AI in communications planning and strategy


While there may be a time in the future when AI has developed sufficiently to take in information from company meetings, research competitors and understand company messaging in order to create a decent PR strategy, we aren’t there yet.


ChatGPT can give a basic, A-level style, outline of what a communications plan should contain, but it is not yet able to give anything comprehensive. It lacks true creativity, empathy, understanding and that ‘does it feel right’ instinct that a good PR consultant brings to the role.



SEO and design support


There are many aspects of marketing and communications that sit around PR, which are necessary for a comprehensive communications strategy but often sit within different teams and skillsets. Visual design and SEO are pertinent examples.


AI could prove very helpful in supporting PR teams in these areas, where experts are unavailable.

AI has long been acknowledged as an important piece of technology for the SEO industry and Chat GPT has solidified this.


As highlighted by SEO Journal, keyword research and analysis, understanding search intent and generating SEO-friendly headlines are tasks ChatGPT performs well, and that hugely support the work of a PR.


Another interesting point was highlighted by Stuart Bruce in PR Futurist. ChatGPT can create video and images as well as text. It can therefore prove very handy in creating basic images and infographics to accompany PR content when a specialist designer is unavailable.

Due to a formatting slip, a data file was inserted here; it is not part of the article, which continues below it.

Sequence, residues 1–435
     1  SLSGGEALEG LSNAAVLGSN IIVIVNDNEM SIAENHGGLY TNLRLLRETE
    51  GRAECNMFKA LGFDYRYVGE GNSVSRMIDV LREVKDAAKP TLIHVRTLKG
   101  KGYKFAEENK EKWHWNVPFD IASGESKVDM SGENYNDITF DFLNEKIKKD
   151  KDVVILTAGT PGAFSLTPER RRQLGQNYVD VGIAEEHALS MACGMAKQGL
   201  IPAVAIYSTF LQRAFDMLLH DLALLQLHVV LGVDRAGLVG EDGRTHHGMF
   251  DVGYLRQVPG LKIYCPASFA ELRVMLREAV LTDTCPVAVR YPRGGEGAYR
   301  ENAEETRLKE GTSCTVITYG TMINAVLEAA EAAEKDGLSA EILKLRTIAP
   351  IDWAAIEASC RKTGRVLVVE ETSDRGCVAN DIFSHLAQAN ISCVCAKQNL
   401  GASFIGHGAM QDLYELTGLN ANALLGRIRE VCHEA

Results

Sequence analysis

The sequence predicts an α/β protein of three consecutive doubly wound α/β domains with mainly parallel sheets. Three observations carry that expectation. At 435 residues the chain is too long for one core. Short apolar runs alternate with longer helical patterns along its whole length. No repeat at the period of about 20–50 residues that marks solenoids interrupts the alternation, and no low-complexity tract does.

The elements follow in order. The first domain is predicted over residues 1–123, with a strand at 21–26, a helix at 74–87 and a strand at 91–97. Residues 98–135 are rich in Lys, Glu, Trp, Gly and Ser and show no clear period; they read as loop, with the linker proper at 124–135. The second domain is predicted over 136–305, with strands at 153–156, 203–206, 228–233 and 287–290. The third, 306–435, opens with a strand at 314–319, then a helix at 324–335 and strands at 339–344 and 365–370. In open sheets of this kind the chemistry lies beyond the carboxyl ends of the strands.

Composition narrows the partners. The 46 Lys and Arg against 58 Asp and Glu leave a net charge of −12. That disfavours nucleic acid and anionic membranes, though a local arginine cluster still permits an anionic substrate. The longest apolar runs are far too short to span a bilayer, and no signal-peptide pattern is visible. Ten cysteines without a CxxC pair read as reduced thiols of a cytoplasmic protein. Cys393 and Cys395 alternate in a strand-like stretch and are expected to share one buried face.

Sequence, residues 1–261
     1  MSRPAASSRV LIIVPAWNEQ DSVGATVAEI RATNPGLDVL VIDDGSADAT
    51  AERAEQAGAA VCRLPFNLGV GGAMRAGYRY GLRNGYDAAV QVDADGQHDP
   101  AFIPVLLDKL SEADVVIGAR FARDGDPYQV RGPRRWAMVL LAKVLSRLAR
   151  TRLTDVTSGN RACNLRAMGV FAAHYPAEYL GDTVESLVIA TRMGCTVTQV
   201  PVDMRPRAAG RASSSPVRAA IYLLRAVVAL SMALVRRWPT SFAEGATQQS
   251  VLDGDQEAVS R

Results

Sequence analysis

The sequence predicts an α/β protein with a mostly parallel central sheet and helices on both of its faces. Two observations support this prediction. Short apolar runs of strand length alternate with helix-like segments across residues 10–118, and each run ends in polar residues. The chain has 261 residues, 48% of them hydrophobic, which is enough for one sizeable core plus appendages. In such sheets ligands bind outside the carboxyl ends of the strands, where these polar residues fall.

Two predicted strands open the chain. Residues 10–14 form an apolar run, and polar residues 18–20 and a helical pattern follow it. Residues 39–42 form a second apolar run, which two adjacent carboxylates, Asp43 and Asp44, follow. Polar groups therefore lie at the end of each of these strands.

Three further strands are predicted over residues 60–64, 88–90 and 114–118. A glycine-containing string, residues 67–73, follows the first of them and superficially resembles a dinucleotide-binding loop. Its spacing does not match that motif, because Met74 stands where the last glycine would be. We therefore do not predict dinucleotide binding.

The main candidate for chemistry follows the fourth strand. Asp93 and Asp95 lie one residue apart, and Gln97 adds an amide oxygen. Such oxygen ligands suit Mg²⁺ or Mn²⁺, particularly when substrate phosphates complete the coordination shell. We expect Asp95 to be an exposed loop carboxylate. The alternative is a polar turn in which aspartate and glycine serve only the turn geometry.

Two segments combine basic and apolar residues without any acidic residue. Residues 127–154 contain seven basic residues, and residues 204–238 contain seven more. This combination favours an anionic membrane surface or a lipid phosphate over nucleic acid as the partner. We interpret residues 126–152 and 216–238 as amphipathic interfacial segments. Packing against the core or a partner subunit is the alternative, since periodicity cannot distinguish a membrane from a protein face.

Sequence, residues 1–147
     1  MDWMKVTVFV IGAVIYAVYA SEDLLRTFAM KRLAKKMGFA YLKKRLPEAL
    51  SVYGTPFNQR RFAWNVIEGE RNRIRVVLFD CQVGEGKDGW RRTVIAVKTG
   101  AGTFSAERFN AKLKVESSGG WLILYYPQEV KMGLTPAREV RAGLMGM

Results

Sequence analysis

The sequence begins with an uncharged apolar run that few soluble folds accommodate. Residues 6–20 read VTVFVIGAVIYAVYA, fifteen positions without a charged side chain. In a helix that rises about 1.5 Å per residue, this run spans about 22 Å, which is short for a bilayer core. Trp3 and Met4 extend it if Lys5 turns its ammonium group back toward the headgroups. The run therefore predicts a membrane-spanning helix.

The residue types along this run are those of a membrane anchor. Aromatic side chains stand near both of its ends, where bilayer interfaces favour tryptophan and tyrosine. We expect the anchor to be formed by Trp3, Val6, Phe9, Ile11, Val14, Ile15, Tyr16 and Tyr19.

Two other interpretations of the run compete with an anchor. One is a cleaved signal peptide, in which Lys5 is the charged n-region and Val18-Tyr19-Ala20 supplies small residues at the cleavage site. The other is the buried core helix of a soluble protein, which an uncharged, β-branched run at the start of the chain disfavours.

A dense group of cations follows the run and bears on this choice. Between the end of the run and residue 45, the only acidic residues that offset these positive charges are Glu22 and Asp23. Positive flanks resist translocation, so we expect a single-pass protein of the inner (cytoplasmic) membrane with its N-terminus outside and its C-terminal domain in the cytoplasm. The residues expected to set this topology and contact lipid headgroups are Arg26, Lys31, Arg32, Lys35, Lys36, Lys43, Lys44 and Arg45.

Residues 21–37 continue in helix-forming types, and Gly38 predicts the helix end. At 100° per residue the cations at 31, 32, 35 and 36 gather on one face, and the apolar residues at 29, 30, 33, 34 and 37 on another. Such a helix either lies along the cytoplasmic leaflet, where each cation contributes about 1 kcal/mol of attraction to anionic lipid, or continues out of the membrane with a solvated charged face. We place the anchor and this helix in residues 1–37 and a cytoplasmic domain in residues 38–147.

Ethics


It’s clear there are multiple areas where AI can provide a helping hand to PR professionals, particularly those in small in-house or agency teams. However, there are of course ethical considerations.


The Chartered Institute of Public Relations (CIPR) has a specific AI panel, monitoring developments in the technology and considering its applications for the PR industry.


In their AI Ethics Guide they look at the ethical questions thrown up by using AI in PR. The key areas to be aware of include;

  • Inclusivity - AI is not objective, it’s created and trained by individuals and organisations, and is biassed towards the agendas of its creators

  • Power - those who are able to capitalise on the potential of AI will increase their power, they will have rich data on many individuals and groups and be able to predict their future preferences and behaviour

  • Changing nature of work - this is one of the key areas of contention within the PR industry. AI allows us to automate manual tasks such as media monitoring, summarising lengthy documents and media targeting research, which have traditionally been undertaken by junior recruits


These are important points to keep in mind when using AI to help us with day-to-day PR work. Recognising the power and potential for good and bad of the tools and intelligence at our disposal is the first step in recognising our need to use them ethically.


We also do need to be aware of the danger that AI could remove many aspects of the more junior roles within the PR function.


We need to ensure there is a pipeline of talent, and this means adapting junior roles to compliment new technologies and giving young professionals opportunities to develop creative, analytical and linguistic skills that allow them to grow and add value within the industry.



Our verdict


Whilst AI isn’t anywhere near to making PR professionals obsolete yet, there are some very handy applications of the technology that could make our lives much easier. For small PR teams in particular, collaboration between AI and humans seems sensible.


However, companies still very much need someone with a great understanding of their organisation, its ethics and culture to promote and protect its reputation.